The values of current used are limited to non-destructive values by regulating the value of the peak current. This provides current protection even if there is a short circuit. An image of the mean value of the current is applied to the error amplifier 18 and is compared therein with the reference value i(Vc). This makes it possible to modulate the conduction time. The positioning of the motor is then controlled over a full step or a microstep by regulating the current in the winding to correspond to a reference value i(Vc) which is of the sinewave type.

Advantageously, the module of the invention simultaneously controls peak current and mean current in the winding 14. In addition, the current iL can flow in both directions:

By controlling peak current, the device is protected against possible destructive current surges, and operation is provided over a large dynamic range with a good stability margin (the system is equivalent to a first order system excited by a current source).

The two-directional characteristic of the current makes it possible to ensure constant impedance under load, and four-quadrant type operation (quadrature between voltages and current) which is essential for enabling energetic braking and acceleration, associating a large dynamic range and energy efficiency. In addition, the two possible directions of flow of the current i make it possible for the input filter to recover excess energy.

The motor may be required to take up a position quickly. A variable functioning law (acceleration, deceleration) makes it possible to obtain current-voltage quadrature. The motor is deactivated on control or in the event of danger (abutment).

In an embodiment shown in FIG. 2, the switches 13 and the diodes 21 of the bridge 12 are replaced by HEXFET type transistors (i.e. field effect transistors that conduct in both directions). These transistors 22 are connected in pairs to two floating control stages 23 and 24 corresponding to each of the current flow directions and respectively receiving opposite control signals Q and Q.

For use in space applications, such analog control in accordance with the invention may, for example, have the purpose of applying the logical control law that corresponds to optimum operation of a moving antenna to the by DC motors that control the positioning of the antenna. Such an electronic assembly therefore comprises a digital-to-analog interface and a power function which controls the electromagnetic force of each motor by taking the energy required for the moving platform of the satellite.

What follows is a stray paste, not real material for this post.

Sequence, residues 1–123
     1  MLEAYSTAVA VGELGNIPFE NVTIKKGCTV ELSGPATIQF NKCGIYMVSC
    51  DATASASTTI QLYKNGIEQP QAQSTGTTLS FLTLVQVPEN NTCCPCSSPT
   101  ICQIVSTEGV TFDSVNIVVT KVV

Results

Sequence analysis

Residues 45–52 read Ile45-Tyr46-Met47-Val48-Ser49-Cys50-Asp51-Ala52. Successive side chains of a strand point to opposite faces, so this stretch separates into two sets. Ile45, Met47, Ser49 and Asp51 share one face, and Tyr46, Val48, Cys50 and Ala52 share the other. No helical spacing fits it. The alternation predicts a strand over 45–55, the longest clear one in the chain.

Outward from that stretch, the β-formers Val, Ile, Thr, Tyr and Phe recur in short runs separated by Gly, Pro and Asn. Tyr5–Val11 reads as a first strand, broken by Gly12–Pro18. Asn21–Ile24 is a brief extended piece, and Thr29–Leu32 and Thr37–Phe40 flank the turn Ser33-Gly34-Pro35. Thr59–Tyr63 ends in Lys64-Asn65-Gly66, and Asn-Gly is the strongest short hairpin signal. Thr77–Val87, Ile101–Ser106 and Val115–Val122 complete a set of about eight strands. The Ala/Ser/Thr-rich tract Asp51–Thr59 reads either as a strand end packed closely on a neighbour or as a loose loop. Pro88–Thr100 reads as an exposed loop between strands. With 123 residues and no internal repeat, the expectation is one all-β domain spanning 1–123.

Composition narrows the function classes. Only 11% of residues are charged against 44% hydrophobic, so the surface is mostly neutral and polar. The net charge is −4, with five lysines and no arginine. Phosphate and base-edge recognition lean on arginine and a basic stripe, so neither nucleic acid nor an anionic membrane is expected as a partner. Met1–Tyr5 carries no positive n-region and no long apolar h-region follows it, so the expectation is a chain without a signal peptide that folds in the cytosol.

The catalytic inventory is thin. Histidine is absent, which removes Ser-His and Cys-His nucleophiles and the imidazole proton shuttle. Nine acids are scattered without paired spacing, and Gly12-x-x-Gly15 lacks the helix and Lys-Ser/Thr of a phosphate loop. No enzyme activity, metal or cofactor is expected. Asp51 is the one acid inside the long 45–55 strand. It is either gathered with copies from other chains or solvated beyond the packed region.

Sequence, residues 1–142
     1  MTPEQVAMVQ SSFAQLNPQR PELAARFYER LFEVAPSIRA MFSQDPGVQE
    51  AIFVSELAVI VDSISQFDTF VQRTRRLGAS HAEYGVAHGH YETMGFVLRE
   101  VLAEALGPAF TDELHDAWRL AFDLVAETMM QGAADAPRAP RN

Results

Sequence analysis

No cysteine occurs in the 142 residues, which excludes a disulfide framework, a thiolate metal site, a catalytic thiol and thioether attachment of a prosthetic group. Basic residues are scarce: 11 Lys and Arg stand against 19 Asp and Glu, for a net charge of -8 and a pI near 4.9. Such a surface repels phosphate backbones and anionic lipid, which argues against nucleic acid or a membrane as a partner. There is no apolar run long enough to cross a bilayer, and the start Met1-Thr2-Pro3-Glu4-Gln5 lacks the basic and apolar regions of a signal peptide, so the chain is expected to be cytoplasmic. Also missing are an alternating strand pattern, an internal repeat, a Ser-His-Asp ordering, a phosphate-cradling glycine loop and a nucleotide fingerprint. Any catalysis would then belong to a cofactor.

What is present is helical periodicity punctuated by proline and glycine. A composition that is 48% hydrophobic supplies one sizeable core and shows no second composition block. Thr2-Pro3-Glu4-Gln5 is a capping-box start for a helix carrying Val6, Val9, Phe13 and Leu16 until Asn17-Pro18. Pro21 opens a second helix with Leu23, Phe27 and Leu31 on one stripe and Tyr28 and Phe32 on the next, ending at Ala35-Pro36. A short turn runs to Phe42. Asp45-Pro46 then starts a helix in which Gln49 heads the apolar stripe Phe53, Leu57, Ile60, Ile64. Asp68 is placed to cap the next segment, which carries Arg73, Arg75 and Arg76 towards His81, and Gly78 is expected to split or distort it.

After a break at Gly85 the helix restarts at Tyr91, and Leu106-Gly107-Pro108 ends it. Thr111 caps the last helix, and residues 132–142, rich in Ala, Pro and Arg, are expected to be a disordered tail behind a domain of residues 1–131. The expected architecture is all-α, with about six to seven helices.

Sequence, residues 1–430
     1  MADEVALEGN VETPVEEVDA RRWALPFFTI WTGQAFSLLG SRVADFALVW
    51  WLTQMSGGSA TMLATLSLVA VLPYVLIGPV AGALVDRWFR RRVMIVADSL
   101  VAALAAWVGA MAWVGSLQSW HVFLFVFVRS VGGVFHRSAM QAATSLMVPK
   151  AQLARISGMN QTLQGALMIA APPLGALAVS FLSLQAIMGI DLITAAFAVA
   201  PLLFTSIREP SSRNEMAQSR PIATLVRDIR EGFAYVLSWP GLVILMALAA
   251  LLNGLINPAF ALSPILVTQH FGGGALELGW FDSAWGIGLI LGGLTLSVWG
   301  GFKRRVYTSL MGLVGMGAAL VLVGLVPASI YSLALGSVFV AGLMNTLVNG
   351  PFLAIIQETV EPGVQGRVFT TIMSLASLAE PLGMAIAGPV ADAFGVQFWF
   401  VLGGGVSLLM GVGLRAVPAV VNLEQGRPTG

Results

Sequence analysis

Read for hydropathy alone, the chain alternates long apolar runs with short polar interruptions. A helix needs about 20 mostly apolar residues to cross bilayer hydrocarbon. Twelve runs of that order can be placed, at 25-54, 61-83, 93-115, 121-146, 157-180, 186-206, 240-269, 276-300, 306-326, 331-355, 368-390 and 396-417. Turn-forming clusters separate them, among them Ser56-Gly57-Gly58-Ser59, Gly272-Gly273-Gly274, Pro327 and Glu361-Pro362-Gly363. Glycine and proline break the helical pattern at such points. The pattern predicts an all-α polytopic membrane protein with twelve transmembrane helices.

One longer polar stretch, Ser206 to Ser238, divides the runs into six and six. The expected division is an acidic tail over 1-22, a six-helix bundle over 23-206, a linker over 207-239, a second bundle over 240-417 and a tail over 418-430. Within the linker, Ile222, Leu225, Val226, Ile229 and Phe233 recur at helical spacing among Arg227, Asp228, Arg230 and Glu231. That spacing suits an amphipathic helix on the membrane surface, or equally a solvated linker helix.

Thus, a digital signal from the logic module is applied to the digital-to-analog converter 19 which serves to generate a sinewave type signal. This sinewave function is transformed into a rectified sinewave function associated with a binary signal defining its sign. This altered representation of the original information made because these two signals are applied to different elements of the power function in order to regulate the current flowing through the winding 14 of the motor to a value which is proportional to the amplitude of the sinewave function.

The regulation of on the rectified sinewave is performed by a regulation function realized by the power stage 11 using a current control cell 15, with the inductance in the power structure being provided by the motor winding 14. The positive and negative current flow iL in the winding 14 is obtained by activating one or the other of the two branches of a transistor bridge 12.

The analog control modules are connected to the satellite electricity distribution system via the input filter 10. The current absorbed during transients or in the event of an electronic failure or of a motor failure is limited by the operation of the current control cell. The direction of current flow through the motor winding 14 is controlled by the transistor bridge 12. The DC-DC converter 20 ensures that auxiliary voltages and controlling clock signals are distributed to the various analog modules and to the logic module.

The operation described above can be applied to controlling two stepper motors, each motor controlling one of the two axes of a moving antenna, by using the microstep technique.

This implies controlling both components of the electromagnetic torque of each motor, i.e. the currents flowing through the two windings.

If i1 and i1 are the amplitudes of these currents, then:

i1 =I sin αt

i2 =I cos αt

where I and α are two parameters defined by the control law. Since the moving antenna requires the torque of both motors to be controlled, the analog control module must continuously provide the following current servo-control:

i1X =I sin αt

i2X =I cos αt

i1Y =I sin βt

i2Y =I cos βt

where X and Y indicate the axes of the mechanism and where I, α, and β are parameters of the control law.

Non-redundant operation of the power electronics for the moving antenna requires the participation of four identical modules for resulating four independent currents depending on the digital information from the logic module.

Redundant control electronics on redundant stepper motor windings requires all of these functions to be duplicated.

By virtue of its electrical design based on a structure in which power is controlled by current, each analog module regulates the current in one of the windings to comply with a determined reference, regardless of the voltage available on the electrical power supply of the satellite (26.5 to 42.5 volts).